I'm relishing (no pun intended) my times late into the night and in the wee hours of the morning pickling, canning, preserving, freezing and fermenting. Any 2-4 hours I can grab to put up our harvest is taken opportunity of. Those late nights and early mornings offer me surefire times where I can work in undisturbed quiet.
Our garden harvest isn't magnificent, like those in Amish novels, where canning is an August through October marathon and shelves bow under the weight of a thousand filled mason jars. But, it is a welcomed abundance. To feed our family through a winter, I would need a garden at the very least twice as large. Regardless, every little bit is welcomed and produce donations from family and neighbor gardeners as well as inexpensive roadside purchases helps fills our shelves and gives us a taste of that sense of security and accomplishment our foreparents felt.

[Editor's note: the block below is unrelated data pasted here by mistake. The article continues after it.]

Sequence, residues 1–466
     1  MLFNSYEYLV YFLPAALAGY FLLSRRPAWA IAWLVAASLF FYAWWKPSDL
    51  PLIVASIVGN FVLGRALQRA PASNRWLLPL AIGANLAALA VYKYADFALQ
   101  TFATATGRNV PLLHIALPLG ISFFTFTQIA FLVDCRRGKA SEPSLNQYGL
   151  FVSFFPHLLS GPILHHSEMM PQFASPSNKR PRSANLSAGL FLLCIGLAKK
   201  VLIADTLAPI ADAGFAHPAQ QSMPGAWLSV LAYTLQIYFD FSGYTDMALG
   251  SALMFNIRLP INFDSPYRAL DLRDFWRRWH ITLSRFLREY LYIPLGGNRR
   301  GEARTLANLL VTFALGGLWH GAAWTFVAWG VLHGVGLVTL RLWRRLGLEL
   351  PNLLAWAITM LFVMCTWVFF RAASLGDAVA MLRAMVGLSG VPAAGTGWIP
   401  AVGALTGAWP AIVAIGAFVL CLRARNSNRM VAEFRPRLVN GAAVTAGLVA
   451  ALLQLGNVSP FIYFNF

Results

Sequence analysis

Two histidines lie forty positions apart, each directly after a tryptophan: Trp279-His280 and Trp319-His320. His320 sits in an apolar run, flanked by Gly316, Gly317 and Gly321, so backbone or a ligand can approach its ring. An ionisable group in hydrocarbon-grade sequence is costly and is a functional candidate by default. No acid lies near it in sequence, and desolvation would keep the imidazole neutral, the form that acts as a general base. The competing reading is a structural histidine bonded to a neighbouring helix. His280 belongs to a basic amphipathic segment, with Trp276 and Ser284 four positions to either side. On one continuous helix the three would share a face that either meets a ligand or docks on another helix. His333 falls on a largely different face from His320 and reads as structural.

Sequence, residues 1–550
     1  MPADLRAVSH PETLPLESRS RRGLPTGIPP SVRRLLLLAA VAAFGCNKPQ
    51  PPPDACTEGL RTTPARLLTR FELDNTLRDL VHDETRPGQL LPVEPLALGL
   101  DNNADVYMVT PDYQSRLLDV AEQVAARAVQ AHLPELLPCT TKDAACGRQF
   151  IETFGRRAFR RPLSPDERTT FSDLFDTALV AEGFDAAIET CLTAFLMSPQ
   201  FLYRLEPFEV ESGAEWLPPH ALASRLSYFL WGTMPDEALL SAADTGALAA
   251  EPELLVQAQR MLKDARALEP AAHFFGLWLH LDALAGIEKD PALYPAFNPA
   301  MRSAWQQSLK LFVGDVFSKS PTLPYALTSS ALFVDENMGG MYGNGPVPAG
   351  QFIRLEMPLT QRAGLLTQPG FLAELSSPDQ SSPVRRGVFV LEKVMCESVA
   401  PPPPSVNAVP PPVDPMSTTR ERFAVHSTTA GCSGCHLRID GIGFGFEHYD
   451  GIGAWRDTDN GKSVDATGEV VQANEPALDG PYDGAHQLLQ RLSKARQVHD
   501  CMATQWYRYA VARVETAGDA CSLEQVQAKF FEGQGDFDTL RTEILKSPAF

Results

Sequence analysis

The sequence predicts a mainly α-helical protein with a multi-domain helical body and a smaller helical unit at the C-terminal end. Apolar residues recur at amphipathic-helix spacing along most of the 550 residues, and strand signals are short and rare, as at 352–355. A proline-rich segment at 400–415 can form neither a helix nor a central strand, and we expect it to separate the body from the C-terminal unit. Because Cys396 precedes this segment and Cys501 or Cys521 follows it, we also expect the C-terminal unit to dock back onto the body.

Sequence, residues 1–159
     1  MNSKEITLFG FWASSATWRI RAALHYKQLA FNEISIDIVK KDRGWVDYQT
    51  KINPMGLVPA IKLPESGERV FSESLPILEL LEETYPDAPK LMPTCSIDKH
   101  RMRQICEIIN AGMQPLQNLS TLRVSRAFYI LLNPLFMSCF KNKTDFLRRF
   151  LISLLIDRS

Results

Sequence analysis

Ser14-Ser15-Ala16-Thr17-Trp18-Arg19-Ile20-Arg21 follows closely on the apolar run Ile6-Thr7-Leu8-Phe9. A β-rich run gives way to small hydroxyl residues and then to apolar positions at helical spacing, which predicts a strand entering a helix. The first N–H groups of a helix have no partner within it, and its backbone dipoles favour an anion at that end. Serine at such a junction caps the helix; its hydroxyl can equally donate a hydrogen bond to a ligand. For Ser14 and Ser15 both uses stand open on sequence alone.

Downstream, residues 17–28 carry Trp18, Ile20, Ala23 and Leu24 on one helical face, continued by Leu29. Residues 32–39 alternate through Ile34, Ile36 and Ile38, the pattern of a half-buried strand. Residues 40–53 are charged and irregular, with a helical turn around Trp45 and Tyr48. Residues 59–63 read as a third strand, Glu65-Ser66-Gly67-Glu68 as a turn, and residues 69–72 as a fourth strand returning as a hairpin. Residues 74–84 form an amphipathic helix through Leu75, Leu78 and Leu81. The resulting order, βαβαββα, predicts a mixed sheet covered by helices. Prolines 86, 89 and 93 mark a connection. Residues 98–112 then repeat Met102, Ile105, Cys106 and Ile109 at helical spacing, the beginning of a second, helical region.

While I've frozen foods and water bath canned for decades now, pressure canning is a more recent feat, having started doing it only 5 or 6 years ago. This year, though, my newest venture is fermenting. The local produce stand cradled large, tight heads of beautiful green cabbages for a mere $2.00 each. I grabbed a jolly one, brought it home, pulled out Nourishing Traditions by Sally Fallon and Reader's Digest Back to Basics, and sliced into that thick head. After hours of sitting and pounding, I finally got enough juices out of that cabbage to weight it, cover it and set it on my dinging room hutch. My kitchen gets too hot and cluttered to keep it still and safe. As a result, the occasional waft of fermentation reaches our noses. From a distance, it can be as stinky as a distant dirty diaper or rotting mouse carcass, but venture close to the bowl, place nose to towel and sniff and it is delicious sauerkraut, no doubt about it. Here's hoping it stays that way and fermentation completes without spoilage.